When I’m asked about what games I play, I always add the caveat that I don’t play many action games. The excuse I give is that my reflexes aren’t very good. And whilst that’s not exactly a lie – my reflexes really aren’t much to shout about – it actually obscures the main reason I’m not a fan of playing action games, which is that they stress me out. A lot. And I hate being stressed out. Continue reading
Recently my music habits have changed. It used to be that I rarely listened to videogame music outside of playing games. For a long time the only game music I had on my iPod were a few select tracks from the original Cho Aniki game. (That’s no joke by the way – that’s a really good soundtrack!) These days though, I’m finding videogame music dominating my listening time in way it never has before. Rather than speculate on the reasons behind this shift I thought it a good idea to capitalise on it by spotlighting some of my favourite Nintendo composers and ranking them by impact! I had to limit myself to talking about Nintendo just to set myself some boundaries, otherwise this list would go on and on and on and on… as if it isn’t going to do that already. Ahem. Continue reading
All I want for Christmas is…Katamario! What is Katamario you ask? Well, it’s a game that doesn’t exist yet – but I want it to. Katamario is the name I’ve come up with for a Mario/Katamari Damacy crossover title. So, this post is my deeply heartfelt request for Nintendo to bring together two brilliant gaming franchises into one potentially perfect gaming experience. Continue reading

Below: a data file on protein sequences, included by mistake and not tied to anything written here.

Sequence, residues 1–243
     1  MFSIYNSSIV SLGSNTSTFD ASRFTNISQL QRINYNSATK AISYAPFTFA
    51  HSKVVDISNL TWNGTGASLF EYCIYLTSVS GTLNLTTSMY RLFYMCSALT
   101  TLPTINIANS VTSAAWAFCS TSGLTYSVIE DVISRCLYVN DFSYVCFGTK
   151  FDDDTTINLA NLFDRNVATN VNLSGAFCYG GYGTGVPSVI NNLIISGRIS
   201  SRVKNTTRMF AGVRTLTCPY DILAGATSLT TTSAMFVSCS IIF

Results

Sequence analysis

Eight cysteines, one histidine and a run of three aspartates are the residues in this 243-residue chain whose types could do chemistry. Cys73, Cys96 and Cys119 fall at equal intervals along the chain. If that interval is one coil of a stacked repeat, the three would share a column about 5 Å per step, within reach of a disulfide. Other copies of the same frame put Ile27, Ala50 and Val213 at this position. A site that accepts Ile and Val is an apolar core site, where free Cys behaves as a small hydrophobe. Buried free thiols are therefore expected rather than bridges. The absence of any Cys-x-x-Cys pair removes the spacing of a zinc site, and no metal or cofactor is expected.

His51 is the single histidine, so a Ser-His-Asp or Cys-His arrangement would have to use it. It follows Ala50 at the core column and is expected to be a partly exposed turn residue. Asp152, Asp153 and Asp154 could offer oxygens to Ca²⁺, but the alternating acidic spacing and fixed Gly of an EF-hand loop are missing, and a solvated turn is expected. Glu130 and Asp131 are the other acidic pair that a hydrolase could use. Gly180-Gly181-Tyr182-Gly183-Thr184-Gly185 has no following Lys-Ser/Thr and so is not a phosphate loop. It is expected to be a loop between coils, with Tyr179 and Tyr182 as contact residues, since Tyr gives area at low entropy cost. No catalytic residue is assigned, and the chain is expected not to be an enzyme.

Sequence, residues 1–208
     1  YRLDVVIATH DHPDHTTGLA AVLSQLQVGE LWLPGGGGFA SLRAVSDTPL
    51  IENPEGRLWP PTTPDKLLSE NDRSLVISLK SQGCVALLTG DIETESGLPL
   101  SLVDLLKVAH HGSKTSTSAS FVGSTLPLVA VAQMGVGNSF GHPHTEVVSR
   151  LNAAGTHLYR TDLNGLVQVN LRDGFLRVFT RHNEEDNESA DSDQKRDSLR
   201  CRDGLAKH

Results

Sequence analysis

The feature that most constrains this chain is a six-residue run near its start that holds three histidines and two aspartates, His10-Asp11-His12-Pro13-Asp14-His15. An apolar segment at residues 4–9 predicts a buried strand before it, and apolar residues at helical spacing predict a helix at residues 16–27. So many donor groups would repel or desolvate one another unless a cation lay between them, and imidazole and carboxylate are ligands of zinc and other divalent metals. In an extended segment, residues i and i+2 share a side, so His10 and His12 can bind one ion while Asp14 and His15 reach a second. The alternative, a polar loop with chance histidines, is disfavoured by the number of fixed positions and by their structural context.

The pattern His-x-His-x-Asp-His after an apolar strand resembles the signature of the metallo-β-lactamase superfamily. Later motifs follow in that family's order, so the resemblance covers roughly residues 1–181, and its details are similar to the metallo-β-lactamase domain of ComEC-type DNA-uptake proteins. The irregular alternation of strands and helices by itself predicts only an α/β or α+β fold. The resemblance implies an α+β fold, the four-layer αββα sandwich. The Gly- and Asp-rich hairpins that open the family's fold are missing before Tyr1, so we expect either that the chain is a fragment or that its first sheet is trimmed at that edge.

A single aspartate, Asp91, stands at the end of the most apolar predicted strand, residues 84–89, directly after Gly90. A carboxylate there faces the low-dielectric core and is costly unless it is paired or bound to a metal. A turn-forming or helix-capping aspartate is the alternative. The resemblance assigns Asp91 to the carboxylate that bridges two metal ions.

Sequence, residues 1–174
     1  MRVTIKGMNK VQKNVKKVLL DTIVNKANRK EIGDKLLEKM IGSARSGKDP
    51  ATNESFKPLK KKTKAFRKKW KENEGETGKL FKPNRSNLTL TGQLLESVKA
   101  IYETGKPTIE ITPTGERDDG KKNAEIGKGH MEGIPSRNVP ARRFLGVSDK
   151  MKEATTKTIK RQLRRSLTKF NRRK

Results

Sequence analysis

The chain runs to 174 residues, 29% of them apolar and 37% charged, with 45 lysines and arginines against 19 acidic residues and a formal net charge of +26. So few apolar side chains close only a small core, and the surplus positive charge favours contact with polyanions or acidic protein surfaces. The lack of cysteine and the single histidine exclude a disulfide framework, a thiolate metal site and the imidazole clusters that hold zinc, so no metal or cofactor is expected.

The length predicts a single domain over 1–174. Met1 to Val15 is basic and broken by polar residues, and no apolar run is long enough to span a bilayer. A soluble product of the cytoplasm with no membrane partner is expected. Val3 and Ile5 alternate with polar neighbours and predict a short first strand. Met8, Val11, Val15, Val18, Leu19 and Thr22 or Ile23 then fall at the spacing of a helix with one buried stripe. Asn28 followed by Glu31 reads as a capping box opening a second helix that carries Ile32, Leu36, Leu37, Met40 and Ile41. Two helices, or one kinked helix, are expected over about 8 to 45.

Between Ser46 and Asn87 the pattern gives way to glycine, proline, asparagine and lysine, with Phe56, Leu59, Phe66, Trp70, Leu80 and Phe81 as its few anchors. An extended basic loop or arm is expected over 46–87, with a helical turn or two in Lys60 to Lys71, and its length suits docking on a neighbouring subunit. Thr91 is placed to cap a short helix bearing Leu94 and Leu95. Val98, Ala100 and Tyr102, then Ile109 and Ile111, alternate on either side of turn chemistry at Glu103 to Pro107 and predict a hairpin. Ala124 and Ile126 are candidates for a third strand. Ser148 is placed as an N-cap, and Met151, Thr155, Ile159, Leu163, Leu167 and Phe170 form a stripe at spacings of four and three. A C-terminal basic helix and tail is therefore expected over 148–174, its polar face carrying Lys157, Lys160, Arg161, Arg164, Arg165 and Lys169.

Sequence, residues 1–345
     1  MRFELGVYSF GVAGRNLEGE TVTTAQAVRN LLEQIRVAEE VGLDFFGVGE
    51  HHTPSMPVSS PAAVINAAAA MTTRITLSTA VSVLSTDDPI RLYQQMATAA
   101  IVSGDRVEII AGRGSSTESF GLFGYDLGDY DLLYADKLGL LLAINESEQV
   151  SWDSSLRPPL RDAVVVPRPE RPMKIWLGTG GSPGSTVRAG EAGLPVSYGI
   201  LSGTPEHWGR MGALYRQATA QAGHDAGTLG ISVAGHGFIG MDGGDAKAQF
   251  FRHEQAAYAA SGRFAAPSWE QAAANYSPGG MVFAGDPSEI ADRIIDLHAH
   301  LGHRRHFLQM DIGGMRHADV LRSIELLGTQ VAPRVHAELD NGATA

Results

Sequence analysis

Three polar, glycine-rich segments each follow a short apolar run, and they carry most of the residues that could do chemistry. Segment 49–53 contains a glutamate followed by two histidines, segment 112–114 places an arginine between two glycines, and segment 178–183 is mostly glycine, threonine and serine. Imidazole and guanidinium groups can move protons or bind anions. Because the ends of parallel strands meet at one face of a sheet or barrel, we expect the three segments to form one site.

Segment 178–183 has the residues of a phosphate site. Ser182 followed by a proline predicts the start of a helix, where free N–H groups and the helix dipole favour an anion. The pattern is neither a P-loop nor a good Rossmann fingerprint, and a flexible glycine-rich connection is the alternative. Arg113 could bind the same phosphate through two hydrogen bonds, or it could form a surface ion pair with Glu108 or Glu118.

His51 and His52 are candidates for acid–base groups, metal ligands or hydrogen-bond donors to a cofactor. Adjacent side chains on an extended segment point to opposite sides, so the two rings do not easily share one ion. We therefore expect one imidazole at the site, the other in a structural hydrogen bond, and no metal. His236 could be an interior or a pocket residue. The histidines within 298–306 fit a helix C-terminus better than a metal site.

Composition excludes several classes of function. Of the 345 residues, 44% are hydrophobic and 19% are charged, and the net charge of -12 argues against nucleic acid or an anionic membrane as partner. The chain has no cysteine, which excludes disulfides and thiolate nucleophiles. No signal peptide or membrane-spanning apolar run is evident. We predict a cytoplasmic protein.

There are touches of greatness to Rabbids Go Home. Amongst them is the game’s memorable use of licensed music, a rarity in this kind of game. The Delfonics, in a 3D platformer? You bet.
(OK, not this song. Actually it’s I Told You So.) Delfonics and a few other fantastic touches aside, Rabbids Go Home is let down by the repetitive nature of its main gameplay. The game basically consists of controlling a shopping trolley, racing through levels with your two Rabbids, stealing junk from humans in an almost Katamari like fashion. The goal is to pick up enough junk to help the Rabbids build their way to the moon. It’s a fun, wacky premise, and the game delivers on that absurdity. Ultimately what you end up with is a perfectly decent alternative to the Mario Galaxy games, in an era when there are very few alternatives to Super Mario Galaxy. But I don’t really want to talk overly much about the game itself here: this post is about post-game content, i.e. what happens when you beat the main game of Rabbids Go Home. Continue reading